30% more of the workforce is satisfied when there’s even an informal recognition program in place. 75% of employees receiving at least monthly recognition (even if informal) are satisfied with their job. 79% of employees who quit their jobs cite a lack of appreciation as a key reason for leaving.
Heather R. Younger (The 7 Intuitive Laws of Employee Loyalty: Fascinating Truths About What It Takes to Create Truly Loyal and Engaged Employees)
Engagement and Organizational Efficiency Engagement of individuals without relevant collective alignment is bound to fail. Engagement has to be directed towards a common vision and direction. In the Global Workforce Study, Towers Watson (2012) showed that highly engaged employees have: Lower “presenteeism” or lost productivity at work: 7.6 days lost each year, against 14.1 days for disengaged employees Less absenteeism: 3.2 days each year, against 4.2 days for disengaged employees Less likelihood to leave than their disengaged colleagues: only 18% of highly engaged are ready to leave their employer in the next two years compared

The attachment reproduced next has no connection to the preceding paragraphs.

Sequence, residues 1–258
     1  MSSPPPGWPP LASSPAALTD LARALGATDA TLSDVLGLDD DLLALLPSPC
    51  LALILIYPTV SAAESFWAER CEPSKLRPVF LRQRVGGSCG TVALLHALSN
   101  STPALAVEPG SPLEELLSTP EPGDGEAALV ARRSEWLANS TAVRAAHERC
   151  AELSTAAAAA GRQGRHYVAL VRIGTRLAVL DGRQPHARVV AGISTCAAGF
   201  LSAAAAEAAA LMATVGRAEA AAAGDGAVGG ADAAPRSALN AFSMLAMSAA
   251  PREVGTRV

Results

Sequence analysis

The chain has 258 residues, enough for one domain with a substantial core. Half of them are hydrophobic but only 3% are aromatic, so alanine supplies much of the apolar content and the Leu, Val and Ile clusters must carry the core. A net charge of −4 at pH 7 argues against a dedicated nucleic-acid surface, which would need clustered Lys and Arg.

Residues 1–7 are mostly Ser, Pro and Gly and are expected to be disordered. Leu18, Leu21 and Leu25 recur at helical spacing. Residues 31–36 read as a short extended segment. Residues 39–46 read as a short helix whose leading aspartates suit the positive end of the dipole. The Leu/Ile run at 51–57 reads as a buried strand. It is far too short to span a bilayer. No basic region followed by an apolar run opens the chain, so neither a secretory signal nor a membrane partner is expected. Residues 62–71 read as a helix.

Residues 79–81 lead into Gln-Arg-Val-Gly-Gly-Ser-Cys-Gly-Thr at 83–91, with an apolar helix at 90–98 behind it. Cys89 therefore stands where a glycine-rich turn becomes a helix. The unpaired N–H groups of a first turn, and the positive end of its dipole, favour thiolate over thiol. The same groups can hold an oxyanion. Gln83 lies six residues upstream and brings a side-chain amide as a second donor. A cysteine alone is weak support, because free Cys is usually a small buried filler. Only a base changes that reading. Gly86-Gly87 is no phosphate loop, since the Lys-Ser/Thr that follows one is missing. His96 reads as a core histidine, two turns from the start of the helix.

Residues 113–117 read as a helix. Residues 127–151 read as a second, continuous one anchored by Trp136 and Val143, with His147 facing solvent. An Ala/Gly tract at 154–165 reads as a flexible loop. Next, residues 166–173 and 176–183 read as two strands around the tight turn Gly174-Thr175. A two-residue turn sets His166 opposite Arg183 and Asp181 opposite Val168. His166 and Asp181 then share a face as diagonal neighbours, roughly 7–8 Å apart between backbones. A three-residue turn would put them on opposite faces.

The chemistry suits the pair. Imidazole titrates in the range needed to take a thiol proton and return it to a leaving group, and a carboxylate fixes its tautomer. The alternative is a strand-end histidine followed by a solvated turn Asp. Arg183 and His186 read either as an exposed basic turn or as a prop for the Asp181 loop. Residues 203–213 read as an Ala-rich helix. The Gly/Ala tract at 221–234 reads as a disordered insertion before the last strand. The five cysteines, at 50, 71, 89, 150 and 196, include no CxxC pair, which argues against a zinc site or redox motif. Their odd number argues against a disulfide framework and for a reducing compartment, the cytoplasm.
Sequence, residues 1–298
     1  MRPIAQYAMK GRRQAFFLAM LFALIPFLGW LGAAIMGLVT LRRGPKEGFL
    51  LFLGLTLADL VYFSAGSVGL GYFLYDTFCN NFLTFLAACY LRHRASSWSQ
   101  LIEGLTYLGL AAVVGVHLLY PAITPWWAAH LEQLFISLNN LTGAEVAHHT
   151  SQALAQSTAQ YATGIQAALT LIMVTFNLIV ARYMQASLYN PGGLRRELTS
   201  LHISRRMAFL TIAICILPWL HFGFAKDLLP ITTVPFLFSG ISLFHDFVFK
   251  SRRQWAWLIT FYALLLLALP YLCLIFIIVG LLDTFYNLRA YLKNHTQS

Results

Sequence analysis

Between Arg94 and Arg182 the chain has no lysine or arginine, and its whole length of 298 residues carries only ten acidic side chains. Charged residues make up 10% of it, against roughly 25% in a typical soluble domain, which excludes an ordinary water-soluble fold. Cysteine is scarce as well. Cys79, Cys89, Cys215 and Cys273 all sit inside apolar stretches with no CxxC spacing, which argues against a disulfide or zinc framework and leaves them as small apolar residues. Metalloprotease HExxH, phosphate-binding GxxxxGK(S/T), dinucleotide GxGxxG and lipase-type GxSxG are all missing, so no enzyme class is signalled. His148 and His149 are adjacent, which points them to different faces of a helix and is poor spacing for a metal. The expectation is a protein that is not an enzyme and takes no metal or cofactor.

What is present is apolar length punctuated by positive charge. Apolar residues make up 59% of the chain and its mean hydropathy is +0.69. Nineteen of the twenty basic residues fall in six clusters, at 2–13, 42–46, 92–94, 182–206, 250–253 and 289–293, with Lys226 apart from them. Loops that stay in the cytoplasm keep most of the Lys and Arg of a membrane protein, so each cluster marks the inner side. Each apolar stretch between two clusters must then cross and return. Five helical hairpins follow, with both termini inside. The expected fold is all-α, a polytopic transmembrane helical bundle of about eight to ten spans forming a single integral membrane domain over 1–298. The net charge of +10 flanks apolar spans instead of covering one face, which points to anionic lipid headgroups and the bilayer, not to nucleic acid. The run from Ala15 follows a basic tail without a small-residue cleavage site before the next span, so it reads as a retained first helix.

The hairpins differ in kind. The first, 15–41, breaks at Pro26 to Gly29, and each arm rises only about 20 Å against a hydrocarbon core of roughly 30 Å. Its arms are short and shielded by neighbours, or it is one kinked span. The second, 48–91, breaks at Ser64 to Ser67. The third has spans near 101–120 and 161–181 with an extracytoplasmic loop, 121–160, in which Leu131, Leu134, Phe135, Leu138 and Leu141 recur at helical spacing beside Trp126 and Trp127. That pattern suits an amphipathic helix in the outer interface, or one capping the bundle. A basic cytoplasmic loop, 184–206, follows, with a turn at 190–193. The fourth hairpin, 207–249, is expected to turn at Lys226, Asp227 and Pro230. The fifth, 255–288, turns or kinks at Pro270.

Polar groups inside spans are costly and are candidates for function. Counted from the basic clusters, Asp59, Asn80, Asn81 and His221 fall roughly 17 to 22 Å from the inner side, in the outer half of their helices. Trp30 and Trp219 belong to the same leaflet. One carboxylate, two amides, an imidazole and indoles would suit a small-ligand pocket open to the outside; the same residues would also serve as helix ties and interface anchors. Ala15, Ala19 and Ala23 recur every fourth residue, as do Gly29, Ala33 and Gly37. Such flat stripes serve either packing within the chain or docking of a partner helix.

Bernard Coulaty (New Deal of Employee Engagement)